Dungeons and Dragons, Understood
Stranger Things doesn’t hold back when it comes to its blatant love of Dungeons and Dragons (commonly called D&D); in fact, some would argue that the hit show is its own version of D&D – it certainly seems to play out that way. At the end of the last season, one character leaves a small gift to another – a much loved D&D set. So what is Dungeons and Dragons? How does it work? And most importantly, is it the dangerous game that our parents warned us about in the 80s?
First, let’s cover the basics. D&D is a role-playing game, where players assume roles and then play out those roles verbally within a group having the same fantasy adventure. The game has its roots in a in a real-life adventure – a teen exploring tunnels under an abandoned asylum in his Illinois hometown. Gary Gygax drew inspiration from these underground crawls when he and Dave Arneson began creating games together. Their work launched a whole new genre, the role-playing game that would eventually become Dungeons and Dragons.
It was the potent combination of fantasy lore (based heavily off of fantasy books) and intense attention to character traits, dramatic action and slow-burn narrative that gave D&D its reputation for being a game for reclusive outsiders. When my husband first told me he played, I was shocked. My preconceived notion of what a D&D player looked like had been an unfounded stereotype.
I learned that in reality, D&D is actually a very social game. Not only are players sitting around the same table, but their characters are also working together to have an adventure. This is a gem, especially in the age of social media, where people spending face-to-face time completing a mutual task is rare thing indeed. The game revolves around a storyteller – also called a Dungeon or Game Master – who builds a complex narrative for the players to weave through.
From the inside, it’s a tense game of risk, death and fantasy. From the outside, it just sounds like people reading from a live storybook. So how exactly did D&D get this reputation for being a dangerous game? It started with mental illness. In the mid-80s, two boys (both players of D&D) committed suicide in separate incidents, spaced between a 4-year period. Both boys suffered from what we would now identify as depression or mental health problems, but without the language to identify what the boys were going through, D&D was an easy place to point fingers. A scorching PR episode followed, especially after one of the boy’s mothers created BADD (Bothered About Dungeons and Dragons) and went on 60 Minutes. D&D found itself on the defensive, having to defend itself as just a game.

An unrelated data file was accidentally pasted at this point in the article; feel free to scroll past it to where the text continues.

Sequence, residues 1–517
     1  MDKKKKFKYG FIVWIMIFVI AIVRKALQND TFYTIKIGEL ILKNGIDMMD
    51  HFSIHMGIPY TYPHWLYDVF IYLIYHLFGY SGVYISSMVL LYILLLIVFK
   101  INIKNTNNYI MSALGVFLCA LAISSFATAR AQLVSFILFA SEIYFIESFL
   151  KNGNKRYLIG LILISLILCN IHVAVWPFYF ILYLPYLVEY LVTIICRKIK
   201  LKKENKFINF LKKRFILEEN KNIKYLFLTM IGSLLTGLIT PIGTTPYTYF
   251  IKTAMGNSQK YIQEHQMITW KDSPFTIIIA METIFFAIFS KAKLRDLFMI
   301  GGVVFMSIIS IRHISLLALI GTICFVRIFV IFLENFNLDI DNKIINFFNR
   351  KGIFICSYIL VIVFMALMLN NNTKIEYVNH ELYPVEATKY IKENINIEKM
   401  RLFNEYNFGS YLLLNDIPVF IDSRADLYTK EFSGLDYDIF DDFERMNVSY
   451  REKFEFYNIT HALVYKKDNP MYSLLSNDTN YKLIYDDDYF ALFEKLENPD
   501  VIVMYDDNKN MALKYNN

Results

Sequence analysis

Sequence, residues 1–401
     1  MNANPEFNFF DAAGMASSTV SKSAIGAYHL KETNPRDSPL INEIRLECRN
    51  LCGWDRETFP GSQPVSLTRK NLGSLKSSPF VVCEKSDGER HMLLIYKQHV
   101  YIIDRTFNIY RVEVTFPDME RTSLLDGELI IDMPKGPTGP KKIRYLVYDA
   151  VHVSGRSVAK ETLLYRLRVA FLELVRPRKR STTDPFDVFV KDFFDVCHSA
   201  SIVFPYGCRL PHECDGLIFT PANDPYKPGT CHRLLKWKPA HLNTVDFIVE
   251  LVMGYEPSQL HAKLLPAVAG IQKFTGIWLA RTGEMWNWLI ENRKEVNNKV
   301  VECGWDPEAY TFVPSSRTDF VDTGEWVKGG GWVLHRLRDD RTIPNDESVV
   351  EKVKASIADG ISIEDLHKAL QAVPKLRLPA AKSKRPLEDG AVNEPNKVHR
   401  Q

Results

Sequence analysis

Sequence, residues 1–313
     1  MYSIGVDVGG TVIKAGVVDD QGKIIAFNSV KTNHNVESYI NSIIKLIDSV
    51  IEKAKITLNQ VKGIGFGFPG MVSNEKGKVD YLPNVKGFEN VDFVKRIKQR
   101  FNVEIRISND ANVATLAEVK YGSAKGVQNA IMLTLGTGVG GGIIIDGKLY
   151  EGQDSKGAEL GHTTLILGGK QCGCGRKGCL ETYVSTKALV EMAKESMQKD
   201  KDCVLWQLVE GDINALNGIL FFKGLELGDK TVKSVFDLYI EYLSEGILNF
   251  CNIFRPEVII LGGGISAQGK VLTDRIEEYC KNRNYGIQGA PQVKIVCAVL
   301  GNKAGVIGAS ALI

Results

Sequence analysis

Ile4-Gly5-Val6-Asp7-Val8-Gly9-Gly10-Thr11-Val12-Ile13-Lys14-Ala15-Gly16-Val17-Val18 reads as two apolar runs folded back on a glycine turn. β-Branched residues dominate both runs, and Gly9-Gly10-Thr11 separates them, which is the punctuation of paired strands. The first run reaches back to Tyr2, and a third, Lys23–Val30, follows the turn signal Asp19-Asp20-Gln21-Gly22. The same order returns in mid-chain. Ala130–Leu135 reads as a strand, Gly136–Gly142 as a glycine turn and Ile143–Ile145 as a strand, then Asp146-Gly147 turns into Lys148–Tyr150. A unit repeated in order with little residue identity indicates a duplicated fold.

Eventually, the fervor died down, but it had hurt the game greatly. D&D had become synonymous with the occult, even though it had more in common with a fantasy book than anything else. It would take decades to undo the damage, and it was fans and players of the game who were at the forefront of its staying power.
Today, the game has never been more popular – or more importantly, understood –thanks to shows like Stranger Things and the D&D love it has lavished on viewers. Did you know there is even a Stranger Things starter kit version of D&D? With its undying support, the show has thrown open the doors to something deeply misunderstood and shown a national audience that there isn’t anything to be afraid of. If you are longing for an epic adventure without leaving the comfort of your own life, please consider this your invitation to play D&D. Anythink carries numerous D&D materials, from art collections to children's DVDs to guides, novelizations and game introduction books. For those looking for a deeper dive into the culture of this enigmatic game, Of Dice and Men (best title ever) and The Story of D&D and the People Who Play.